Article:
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Scratching the Hinuera Surface: Cryptic faulting in the late Quaternary alluvial plain, Te Tātua o Wairere Fault Zone

Between c. 20,000 and 15,000 years BP, precursors to the modern Waikato River deposited alluvium of the Hinuera Formation throughout the Hamilton Basin – a c. 1,600 km2 terrestrial sedimentary basin in the centre-north of New Zealand’s North Island (Māori: Te Ika-a-Māui). Together with clayey silt beds of overlying late Quaternary tephras, the sand and gravel dominated Mid-Pleistocene to Holocene Hinuera Formation infills much of the basin to form the Hinuera Surface, a large alluvial plain, often referred to as a low-angle alluvial fan. Rising above the Hinuera Surface are the low (<c. 100 m) Hamilton Hills, formed of Early to Mid-Pleistocene primary and reworked volcanic sequences, also overlain by late Quaternary tephras. Recent studies have established the presence of paleoliquefaction within the Hinuera Formation – evidence of seismic disturbance – and fault deformation of the adjoining Hamilton Hills. The most recent fault activity identified to date, <c. 50,000 years BP, is within Te Tātua o Wairere Fault Zone, a zone broadly defined by an approximately N-S line of hills across the south-eastern margins of Hamilton City and including portions of the Hinuera Surface. Whilst deformation has been confirmed in cohesive materials of the fault zone’s hills, this study is the first to attempt identification of faulting within the younger, unconsolidated, granular sediments of the <c. 20 ka Hinuera Formation. The study combined desktop analysis of digital models, gravity anomalies, earthquake datasets, and historic aerial imagery with results from field surveys, including geomorphic mapping and electrical resistivity tomography (ERT), and paleoseismic trenching of the Hinuera Surface. Basin-scale digital modelling showed that Te Tātua o Wairere Fault Zone marks a slight but significant change in Hinuera Surface slope, inferred to mark the eastern boundary of an uplifted fault block. This change is near-coincident with geomorphic evidence for paleochannel constriction and abrupt directional changes, subtle linear breaks in surface elevation, and apparent offsets across paleochannel banks. The same modelling inadvertently highlighted the ultra-low, almost nil angle of slope inherent to the Hinuera Surface (consistently <0.1°) and it is considered that application of a term such as braid-plain is more appropriate to that of alluvial fan. Gravity anomaly analysis did not yield significant results but interrogation of earthquake datasets highlighted a cluster of earthquakes in the Puketaha/Ruakura area – in the fault zone’s extreme north – and seismic reflection survey maps from the 1960s/1970s highlighted prior interpretations of proximal deep (pre-Hinuera Formation) faults. Historic aerial photographs suggested the possibility of fault scarps having once been visible within the fault zone, since obscured or modified beyond recognition by construction of the University of Waikato campus and adjacent developments. ERT surveys established an off-fault reference section which highlighted the essentially planar nature of undisturbed Hinuera Formation and late Quaternary strata at Ruakura. Against the reference section, a number of significant sub-surface resistivity anomalies were identified, including; discontinuities with subtle vertical offsets in shallow high resistivity zones; vertical/sub-vertical zones of low resistivity, and; discrete areas of high resistivity at depth, accompanied by a lack of planar continuity. These ERT anomalies not only aligned with one another but also with known faulting in hills to the south and a hypothesised approximate N-S fault. Investigations concluded with excavation of a paleoseismic trench on the AgResearch Ruakura Research Farm, exposing a discrete, c. 4 m wide zone of deformation within the upper Hinuera Formation. This deformation was extremely similar to that observed across a confirmed fault scarp within near-identical lithostratigraphy in the Hauraki Basin and includes small listric (normal) fault segments, cryptic granular deformation, and paleoliquefaction. The absence of a through-going fault (pseudo-)plane negates deformation being interpreted as the hypothesised fault-proper but comparison with fault propagation models through granular materials suggests deformation is co-seismic in origin and near-fault. Movement on a deeper, basement fault (possibly identified in the 1960s/1970s but not since explored in any detail) is likely to have been accommodated in a diffuse manner within the Hinuera Formation, with deformation not necessarily following the true fault-plane. The study concludes that evidence of co-seismic deformation within the uppermost Hinuera Formation and for seismic influence of Hinuera Surface geomorphology indicates disturbance must have occurred <c. 15,000 years BP; Te Tātua o Wairere Fault Zone has been active more recently than previous evidence suggested. From the cumulative range of data gathered, an inferred line of faulting is presented which links the deformation at Ruakura with known fault offsets in the south-east of Hamilton City, at Hillcrest Road and Cobham Drive. Significant ERT anomalies and likely tectonogeomorphic expressions in the northern Ruakura area and east of the trenched location remain unresolved and require further investigation to confirm the hypothesised main line of strike. A greater understanding of the nature of Te Tātua o Wairere Fault Zone would be beneficial to seismic hazard risk planning in the area and there is scope for future research to consider the interplay between deeper local fault systems and distributed surface deformation.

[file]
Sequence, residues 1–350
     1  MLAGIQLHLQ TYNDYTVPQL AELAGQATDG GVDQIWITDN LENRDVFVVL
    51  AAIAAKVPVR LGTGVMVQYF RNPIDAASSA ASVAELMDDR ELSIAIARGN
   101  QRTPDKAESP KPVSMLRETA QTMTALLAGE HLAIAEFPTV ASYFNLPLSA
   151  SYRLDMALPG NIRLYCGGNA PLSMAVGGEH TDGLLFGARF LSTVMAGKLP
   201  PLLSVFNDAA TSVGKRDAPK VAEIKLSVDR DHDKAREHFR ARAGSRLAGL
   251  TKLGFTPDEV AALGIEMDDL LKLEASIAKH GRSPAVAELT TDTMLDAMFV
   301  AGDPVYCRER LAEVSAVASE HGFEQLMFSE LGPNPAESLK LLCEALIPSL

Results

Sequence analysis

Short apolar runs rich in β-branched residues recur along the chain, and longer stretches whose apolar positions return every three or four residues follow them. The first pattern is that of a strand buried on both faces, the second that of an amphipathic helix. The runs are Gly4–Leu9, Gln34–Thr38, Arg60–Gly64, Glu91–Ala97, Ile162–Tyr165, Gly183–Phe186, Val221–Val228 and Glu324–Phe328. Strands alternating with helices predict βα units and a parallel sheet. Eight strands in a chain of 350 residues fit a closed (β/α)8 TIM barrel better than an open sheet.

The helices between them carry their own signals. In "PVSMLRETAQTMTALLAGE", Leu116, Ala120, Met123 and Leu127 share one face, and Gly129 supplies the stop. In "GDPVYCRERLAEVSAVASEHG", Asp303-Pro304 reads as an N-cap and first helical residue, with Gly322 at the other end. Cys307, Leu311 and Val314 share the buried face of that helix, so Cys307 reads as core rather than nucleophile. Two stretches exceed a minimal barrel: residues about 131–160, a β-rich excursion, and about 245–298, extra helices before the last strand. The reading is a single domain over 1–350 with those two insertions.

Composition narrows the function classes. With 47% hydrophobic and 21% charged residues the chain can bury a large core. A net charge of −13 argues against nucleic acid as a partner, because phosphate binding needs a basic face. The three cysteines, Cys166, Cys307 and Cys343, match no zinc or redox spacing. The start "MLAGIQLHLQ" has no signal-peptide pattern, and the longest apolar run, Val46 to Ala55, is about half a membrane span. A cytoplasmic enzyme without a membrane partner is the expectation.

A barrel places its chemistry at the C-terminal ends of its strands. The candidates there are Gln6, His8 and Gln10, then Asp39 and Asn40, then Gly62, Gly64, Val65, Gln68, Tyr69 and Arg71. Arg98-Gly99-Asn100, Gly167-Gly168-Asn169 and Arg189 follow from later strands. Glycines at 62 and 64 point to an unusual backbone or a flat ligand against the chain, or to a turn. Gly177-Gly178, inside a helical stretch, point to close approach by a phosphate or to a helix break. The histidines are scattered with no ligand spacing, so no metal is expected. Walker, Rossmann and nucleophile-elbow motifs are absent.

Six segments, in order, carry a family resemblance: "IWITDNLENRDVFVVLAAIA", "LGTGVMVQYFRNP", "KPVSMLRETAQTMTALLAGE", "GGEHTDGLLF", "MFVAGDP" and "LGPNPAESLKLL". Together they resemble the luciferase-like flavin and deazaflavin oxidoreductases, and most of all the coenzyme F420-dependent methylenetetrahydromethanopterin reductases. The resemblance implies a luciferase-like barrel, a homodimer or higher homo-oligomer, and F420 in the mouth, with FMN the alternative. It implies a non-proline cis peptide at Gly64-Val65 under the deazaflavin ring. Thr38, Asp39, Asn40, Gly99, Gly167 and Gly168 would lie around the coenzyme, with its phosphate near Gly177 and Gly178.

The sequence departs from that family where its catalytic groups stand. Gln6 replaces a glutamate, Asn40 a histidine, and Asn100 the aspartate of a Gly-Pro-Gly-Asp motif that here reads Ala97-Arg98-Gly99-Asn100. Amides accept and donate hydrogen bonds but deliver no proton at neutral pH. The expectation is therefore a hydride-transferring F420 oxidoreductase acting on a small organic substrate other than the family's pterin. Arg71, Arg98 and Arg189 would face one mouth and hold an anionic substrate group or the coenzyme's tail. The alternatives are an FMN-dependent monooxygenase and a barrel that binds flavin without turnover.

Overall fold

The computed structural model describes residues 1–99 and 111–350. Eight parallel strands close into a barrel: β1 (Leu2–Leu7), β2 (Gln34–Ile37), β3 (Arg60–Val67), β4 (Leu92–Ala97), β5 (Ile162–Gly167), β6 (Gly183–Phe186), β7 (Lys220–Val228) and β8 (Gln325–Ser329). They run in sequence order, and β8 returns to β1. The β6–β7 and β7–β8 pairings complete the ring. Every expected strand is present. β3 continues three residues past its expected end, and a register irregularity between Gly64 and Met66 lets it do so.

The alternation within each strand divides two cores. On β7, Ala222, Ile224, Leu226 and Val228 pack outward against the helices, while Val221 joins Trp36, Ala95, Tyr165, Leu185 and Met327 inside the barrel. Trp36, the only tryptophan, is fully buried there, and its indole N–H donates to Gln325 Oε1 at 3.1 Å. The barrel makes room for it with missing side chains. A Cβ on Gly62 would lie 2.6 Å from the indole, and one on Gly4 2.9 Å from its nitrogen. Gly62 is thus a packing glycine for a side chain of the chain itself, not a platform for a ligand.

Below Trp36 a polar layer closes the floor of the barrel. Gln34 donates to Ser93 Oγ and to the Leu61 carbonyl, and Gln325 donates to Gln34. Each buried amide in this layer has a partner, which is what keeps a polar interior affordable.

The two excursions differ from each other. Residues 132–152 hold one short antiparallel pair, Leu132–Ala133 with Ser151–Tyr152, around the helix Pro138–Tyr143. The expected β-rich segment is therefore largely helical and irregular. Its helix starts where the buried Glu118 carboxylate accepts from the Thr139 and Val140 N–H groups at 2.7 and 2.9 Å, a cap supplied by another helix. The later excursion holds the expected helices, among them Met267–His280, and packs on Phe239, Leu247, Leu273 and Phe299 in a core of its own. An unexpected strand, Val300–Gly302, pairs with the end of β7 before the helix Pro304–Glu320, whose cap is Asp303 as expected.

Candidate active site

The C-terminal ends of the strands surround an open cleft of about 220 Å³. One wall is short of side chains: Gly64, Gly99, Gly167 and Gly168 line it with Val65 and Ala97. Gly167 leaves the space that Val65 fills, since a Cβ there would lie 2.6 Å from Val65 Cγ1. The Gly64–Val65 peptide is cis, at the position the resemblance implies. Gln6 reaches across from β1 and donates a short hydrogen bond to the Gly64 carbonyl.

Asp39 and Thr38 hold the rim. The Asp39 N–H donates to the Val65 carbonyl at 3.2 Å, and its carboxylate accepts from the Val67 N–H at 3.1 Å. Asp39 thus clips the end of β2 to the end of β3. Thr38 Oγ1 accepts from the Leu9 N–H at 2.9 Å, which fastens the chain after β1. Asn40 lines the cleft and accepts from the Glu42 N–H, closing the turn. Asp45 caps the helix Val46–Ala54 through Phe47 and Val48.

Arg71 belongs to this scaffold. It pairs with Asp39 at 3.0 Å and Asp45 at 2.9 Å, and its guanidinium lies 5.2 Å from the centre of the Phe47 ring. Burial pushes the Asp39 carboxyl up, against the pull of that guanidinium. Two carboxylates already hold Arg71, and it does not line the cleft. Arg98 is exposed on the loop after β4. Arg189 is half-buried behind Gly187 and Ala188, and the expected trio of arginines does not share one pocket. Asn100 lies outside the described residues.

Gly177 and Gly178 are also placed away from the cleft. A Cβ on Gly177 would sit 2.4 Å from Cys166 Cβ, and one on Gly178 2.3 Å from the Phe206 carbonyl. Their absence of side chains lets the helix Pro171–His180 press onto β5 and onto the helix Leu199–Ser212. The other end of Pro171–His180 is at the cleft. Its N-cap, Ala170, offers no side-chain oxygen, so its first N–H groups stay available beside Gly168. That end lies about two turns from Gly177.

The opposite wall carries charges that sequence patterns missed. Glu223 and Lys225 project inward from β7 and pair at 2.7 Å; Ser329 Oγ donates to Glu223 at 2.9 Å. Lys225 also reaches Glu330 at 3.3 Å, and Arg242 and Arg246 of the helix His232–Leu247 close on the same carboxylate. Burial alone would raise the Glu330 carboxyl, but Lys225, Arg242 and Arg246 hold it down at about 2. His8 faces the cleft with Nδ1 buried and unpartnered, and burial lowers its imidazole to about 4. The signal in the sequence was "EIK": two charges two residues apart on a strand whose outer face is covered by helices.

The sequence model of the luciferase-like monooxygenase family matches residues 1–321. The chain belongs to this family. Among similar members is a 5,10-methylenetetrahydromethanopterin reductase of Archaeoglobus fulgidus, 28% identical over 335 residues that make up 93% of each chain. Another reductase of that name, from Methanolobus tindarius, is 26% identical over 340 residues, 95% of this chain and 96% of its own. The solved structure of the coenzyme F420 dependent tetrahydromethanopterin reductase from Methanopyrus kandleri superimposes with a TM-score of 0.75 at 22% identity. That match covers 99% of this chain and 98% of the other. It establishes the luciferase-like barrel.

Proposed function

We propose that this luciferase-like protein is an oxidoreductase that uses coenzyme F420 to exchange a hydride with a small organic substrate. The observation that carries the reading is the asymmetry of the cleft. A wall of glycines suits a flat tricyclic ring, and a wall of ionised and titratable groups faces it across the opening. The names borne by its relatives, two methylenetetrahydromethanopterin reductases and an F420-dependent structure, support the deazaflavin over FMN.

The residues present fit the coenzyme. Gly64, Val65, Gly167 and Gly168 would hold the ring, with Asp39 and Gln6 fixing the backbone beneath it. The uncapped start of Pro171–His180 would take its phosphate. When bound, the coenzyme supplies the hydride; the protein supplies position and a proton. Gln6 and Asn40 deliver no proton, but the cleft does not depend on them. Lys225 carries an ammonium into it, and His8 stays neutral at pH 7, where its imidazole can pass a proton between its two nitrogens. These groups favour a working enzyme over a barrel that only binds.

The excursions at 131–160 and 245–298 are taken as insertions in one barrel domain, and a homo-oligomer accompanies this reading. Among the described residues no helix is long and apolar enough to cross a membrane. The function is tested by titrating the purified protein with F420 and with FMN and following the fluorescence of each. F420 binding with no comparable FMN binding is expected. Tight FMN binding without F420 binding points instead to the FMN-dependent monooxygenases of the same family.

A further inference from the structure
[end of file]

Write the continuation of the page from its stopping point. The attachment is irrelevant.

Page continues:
Type of thesis
McQuillan, G. R. (2021). Scratching the Hinuera Surface: Cryptic faulting in the late Quaternary alluvial plain, Te Tātua o Wairere Fault Zone (Thesis, Master of Science (Research) (MSc(Research))). The University of Waikato, Hamilton, New Zealand. Retrieved from https://hdl.handle.net/10289/14554
The University of Waikato